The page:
In our January 10, 2019 report, “The Consensus View” we noted that there was broad agreement among strategists regarding their outlooks for 2019. Most forecasts include the concept that global and US economic activity will decelerate this year, the risk of a US recession grows for 2020, the Federal Reserve is apt to be on hold for much of the next 12 months, the dollar will remain stable, interest rates have peaked for the intermediate term, and emerging markets represent better values than US securities. We tend to be wary of strong consensus views since history suggests that they tend to be wrong. Therefore, we believe investors should be on the lookout for positive surprises in 2019.
This week the 2019 World Economic Forum in Davos is the big financial story and we remind readers that this forum is famous for misjudging the global mood and events. Last year global financial leaders and executives were brimming with optimism about the world economy and the ability of stock markets to continue to rise. This year the mood is much more subdued and is focused on the political paralysis seen in the US, UK, France and Germany, the stress on trading relationships and rising concerns about the concentration of corporate power, especially among large technology firms. Corporate leaders are eyeing global trade, the potential impact of the US government shutdown, the uncertain state of the economy and a volatile political landscape as the major risks of the current year and many are calling these risks unprecedented. However, while forum participants are downcast and glum this year’s Economic Forum is most notable for the people who did not attend. The list includes President Trump who did not attend due to the federal government shutdown, Prime Minister Theresa May did not participate due to the time pressure she faces to get a Brexit deal and Chinese President Xi Jinping was not there as China announces economic growth has decelerated to the slowest pace in decades. Clearly the consensus view among US equity strategists that we described two weeks ago is also a global view. To us, this suggests that we should be looking for what could go right in the US and global environments in 2019.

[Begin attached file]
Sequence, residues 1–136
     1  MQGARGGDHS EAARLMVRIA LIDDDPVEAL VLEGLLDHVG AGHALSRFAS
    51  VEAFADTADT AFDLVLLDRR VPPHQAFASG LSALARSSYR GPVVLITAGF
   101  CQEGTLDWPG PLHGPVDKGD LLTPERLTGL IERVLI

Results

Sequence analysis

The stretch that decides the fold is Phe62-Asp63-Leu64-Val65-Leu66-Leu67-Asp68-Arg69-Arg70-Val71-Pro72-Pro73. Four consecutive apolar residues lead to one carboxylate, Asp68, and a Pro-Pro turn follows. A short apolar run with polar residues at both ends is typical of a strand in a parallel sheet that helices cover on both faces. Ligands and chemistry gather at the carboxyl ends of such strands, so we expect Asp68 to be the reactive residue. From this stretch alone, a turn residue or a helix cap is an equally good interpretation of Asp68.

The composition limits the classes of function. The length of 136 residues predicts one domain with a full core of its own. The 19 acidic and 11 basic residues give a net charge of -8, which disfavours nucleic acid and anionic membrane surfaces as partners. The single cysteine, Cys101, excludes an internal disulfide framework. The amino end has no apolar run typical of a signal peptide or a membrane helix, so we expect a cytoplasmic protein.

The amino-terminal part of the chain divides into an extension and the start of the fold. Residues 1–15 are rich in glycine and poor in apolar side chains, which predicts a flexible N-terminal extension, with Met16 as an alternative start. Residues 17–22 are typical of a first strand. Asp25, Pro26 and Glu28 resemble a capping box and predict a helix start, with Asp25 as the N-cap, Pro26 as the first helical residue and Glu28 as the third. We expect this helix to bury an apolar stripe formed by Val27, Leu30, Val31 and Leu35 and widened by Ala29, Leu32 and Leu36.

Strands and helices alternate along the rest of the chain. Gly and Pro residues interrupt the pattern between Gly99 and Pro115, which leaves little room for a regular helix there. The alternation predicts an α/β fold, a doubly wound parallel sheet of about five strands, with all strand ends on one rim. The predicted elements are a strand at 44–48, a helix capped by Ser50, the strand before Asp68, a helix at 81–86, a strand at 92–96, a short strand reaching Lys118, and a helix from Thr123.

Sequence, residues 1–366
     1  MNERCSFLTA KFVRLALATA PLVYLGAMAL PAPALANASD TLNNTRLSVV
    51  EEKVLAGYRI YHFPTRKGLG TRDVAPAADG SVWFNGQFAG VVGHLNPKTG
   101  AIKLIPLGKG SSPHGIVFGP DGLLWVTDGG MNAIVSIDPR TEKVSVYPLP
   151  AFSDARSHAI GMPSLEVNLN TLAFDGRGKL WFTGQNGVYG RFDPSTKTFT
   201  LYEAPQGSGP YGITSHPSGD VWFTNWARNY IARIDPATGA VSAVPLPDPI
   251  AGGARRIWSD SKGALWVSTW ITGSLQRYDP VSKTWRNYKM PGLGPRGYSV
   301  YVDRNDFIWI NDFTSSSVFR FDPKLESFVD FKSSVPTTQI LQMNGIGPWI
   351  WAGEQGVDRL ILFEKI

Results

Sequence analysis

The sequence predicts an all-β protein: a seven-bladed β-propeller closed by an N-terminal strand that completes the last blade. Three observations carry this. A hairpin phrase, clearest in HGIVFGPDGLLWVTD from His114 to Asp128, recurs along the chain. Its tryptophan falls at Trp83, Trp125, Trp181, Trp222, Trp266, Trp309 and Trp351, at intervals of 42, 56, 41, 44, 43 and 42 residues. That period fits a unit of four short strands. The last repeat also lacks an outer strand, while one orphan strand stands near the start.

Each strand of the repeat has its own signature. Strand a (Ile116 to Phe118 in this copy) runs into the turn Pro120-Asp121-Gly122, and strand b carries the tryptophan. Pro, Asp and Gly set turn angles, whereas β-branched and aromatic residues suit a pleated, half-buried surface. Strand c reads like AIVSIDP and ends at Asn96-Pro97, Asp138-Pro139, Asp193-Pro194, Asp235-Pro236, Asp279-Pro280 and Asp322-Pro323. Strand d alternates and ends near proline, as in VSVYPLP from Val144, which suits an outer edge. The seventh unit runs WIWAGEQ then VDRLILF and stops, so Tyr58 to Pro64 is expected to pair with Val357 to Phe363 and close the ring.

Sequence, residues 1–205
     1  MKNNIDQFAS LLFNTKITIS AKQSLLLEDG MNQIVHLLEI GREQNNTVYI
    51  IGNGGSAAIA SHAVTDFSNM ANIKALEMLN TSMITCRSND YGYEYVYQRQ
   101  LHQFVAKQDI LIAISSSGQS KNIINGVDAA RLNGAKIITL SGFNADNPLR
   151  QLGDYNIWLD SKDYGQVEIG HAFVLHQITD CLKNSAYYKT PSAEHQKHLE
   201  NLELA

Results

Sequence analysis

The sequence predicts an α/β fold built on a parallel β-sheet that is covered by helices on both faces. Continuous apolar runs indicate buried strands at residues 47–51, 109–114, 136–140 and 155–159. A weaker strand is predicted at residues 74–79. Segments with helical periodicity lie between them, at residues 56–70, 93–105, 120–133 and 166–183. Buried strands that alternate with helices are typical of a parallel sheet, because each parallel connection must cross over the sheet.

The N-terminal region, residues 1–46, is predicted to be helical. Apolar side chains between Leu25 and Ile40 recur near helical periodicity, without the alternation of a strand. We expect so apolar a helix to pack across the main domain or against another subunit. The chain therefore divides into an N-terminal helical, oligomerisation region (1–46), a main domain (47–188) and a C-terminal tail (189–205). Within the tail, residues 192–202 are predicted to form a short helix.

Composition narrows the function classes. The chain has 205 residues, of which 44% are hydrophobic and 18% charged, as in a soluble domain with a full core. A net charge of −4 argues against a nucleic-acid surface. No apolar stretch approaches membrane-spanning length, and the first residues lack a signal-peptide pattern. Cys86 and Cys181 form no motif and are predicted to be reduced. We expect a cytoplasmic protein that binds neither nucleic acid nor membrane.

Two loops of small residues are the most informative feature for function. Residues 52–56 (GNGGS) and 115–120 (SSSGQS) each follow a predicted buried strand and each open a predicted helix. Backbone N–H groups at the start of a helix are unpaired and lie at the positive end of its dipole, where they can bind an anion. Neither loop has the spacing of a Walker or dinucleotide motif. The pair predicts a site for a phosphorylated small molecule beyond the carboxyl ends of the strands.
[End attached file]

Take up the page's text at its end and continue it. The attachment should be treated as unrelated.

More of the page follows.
In our last weekly publication we listed the most likely positive surprises of 2019 to be a trade agreement between the US and China, a smooth Brexit, a quiet and uneventful end to the Mueller investigation and a bi-partisan US infrastructure spending bill. This list is presented in order of likelihood.
The most plausible positive surprise in 2019 is a trade agreement between the US and China. While the negotiating process has been messy and contentious it seems that President Trump is pressing China for the best possible long-term deal, including the ability for the US to monitor the agreement for compliance. Like many deals, the process can be acrimonious, yet we believe it is in the best interest of both parties to find a solution before additional tariffs are imposed in March. Prime Minister May could be facing a tougher battle to pass a Brexit proposal through Parliament; but the disruption of a hard Brexit could pressure politicians into finding a solution in coming weeks. Of all the items on our list, a bi-partisan infrastructure bill currently seems the least likely. This is a very sad commentary since both sides of the US political aisle actually agree on this concept. The absence of such a bill highlights the dysfunctional state of the US political scene and of the US Congress.
The Economic Backdrop